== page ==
7 March 2014
Now you know this blog by now; we go out of our way to find er, out of the way automotive treasures in whatever form they may be in. Well, today's find was by way of a print I was given a few years ago (and which takes pride of place in my office foyer); and quite frankly, I've been hooked ever since.
The artist in question is Yves Krief, who creates vivid photo montages of fantastical urban landscapes. Using real photographs of global metropolises, Krief hybridises these cityscapes to paint an ominous future following the effects of globalism. In his featured series One Hundred Titles, each piece tells a different story about the changing cultures of the city, open to interpretations with a myriad of details.
Born in 1959 in France, Krief first made a name for himself at the Salon des Indépendants in Paris and has received critical acclaim from international exhibitions and art fairs.
In the words of Monsieur Krief:
Through the language of the unconscious, its symbolism and pictorial representations, the density of meanings and color choices that I operate, I tell universal stories with multiple readings, that is why all my pictures have the same name: "a Cent Titres” because In French the word "sans" means (Without) and the word "cent" means (one hundred) in phonétic“cent titres” means without title and also hundred titles.Now, while Krief's art is chock full of disparate and sometimes recurring imagery with new detail that seems to catch the eye on every viewing, it also features some cool cars in prominent and peripheral positions. AMC Javelins, Pontiacs, Edsels, Cobras, Studebakers, Chevys, and several cool bikes feature in some of his art, but as you can see from the examples of his work I show here, Krief's pictures are about so much more than that, and are a feast for the eye and well worth perusing in more depth.
Each of my compositions mission to cross the barrier of delayed memory in order to converse directly with the unconscious of his observer.
Above all the charm must operate either a positive or negative feeling it does not matter.
Initially the graphic balance, harmony of color and aesthetics of the composition draws the eye or disturbed. When close enough, is the diversity of elements or "symbols" that challenge the viewer.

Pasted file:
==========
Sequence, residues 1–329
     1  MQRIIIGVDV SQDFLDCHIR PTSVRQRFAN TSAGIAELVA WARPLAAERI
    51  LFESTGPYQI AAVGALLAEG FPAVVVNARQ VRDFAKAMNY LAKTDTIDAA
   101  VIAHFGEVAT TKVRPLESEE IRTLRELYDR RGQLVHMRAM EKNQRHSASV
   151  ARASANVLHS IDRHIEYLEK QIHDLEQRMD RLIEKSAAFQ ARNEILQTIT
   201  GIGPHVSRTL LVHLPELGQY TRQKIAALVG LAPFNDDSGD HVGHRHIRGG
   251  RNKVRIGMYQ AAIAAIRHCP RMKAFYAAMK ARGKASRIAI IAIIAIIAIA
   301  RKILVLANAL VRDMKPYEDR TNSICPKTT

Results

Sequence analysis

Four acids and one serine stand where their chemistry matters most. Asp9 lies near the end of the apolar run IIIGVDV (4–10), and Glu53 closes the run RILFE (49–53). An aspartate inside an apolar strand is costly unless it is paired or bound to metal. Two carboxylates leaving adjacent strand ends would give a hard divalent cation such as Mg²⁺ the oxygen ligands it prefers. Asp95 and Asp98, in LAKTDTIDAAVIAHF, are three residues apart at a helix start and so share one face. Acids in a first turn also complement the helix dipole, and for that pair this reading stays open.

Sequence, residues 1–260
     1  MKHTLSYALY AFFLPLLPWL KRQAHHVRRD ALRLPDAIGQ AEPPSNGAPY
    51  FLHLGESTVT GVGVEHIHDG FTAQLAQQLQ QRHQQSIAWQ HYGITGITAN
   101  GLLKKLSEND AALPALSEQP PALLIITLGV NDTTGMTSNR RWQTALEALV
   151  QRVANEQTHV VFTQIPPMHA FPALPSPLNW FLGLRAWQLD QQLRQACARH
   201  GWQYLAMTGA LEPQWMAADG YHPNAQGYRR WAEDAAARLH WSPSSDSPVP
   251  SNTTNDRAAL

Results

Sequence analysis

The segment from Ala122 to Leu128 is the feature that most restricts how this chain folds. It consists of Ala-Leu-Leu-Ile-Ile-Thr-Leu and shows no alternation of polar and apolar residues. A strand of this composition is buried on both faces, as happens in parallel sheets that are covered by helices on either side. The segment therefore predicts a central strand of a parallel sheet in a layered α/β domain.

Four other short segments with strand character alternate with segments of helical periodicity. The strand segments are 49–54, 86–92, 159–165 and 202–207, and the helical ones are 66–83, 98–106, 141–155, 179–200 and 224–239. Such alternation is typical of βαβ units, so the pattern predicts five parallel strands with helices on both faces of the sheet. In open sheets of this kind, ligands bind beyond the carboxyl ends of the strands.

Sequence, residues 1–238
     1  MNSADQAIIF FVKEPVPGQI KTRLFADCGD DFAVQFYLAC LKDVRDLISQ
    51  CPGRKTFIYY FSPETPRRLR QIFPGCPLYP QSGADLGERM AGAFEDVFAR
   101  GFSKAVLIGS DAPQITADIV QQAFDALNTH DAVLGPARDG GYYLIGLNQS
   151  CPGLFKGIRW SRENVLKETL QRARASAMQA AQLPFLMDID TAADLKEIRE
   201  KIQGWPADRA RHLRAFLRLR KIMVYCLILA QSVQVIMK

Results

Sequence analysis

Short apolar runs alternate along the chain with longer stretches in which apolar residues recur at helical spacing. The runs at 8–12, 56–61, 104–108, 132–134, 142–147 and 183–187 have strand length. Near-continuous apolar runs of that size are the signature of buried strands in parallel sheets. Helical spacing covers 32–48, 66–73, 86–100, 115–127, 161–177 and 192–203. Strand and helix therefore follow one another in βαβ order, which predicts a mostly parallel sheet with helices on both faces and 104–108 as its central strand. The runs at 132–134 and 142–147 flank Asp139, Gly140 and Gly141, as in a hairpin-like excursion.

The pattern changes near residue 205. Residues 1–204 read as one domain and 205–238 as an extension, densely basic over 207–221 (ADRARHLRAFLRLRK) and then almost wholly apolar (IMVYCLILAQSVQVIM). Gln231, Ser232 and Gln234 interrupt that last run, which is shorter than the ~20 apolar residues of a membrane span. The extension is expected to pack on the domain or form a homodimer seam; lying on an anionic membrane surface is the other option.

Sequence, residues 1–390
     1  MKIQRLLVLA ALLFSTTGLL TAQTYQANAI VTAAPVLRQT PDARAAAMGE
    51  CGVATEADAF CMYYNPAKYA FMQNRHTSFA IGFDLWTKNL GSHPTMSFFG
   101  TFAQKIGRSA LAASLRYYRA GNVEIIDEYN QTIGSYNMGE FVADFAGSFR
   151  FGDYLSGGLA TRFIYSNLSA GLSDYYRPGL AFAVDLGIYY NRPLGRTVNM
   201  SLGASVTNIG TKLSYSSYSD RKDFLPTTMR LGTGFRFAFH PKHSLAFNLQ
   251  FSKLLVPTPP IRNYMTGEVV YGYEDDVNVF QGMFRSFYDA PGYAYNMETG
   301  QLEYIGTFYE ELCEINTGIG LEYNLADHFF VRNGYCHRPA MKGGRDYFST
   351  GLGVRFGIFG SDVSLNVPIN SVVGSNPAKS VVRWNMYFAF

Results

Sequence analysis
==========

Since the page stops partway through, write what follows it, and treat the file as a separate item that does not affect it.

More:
This density function is to misplace it.
Each scene has its own reason for being all melted in a package that appears to be clearly structured and coherent. At this stage the mind is overwhelmed by a mass of information that it is impossible to synthesize, aided by the natural desire we have to give meaning to what we escape, entangled in the maze of signifier, only emotional intelligence can find his way. It follows a form of letting go that allows the unconscious to drag his own reading and observer finally select, albeit unconsciously, only the different symbols that speak to him and make its own resonance history.The picture becomes mirror.
Some more examples below, and more here.
5 March 2014
Words: Amazosan (from raw data here)
From a classic Abarth to a classic Abarth in the making; and also a modern Fiat 500 that I actually like.
Unveiled 50 years to the day after the original 695 was launched, the spotlight was firmly on the new 695 Abarth 695 Biposto ('two-seater') at the 2014 Geneva Show, defined by Abarth as 'the fastest Abarth road car ever built. The 1.4 T-Jet engine packs a 187bhp turbocharged punch, demolishes the 0-62mph sprint in just 5.9 seconds and reaches a top speed of 143mph. The car boasts redesigned bumpers, side skirts, wheel arches and the prominent front spoiler has tasteful carbon inserts made by Zender The satin grey paint might not add to the potent performance, but it sure adds to the menace, while the special aluminium bonnet has two mini humps, inspired by the Abarth 124 Sport Spider. The mirrors are also made of carbon.
The interior embodies the spirit of a racing car and appears to be more hardcore than other manufacturers track-inspired models; to shave weight, the rear seats are long gone, taking with them the air conditioning and radio. The xenon headlights and their control systems and also the fog lights have joined the weight-shedding exodus, along with the electric windows, glass and door winder mechanisms; perspex side windows and air vent slides are pure race car. the interiors als features an MXL digital data logger and special bucket seats with Sabelt 4-point harnesses.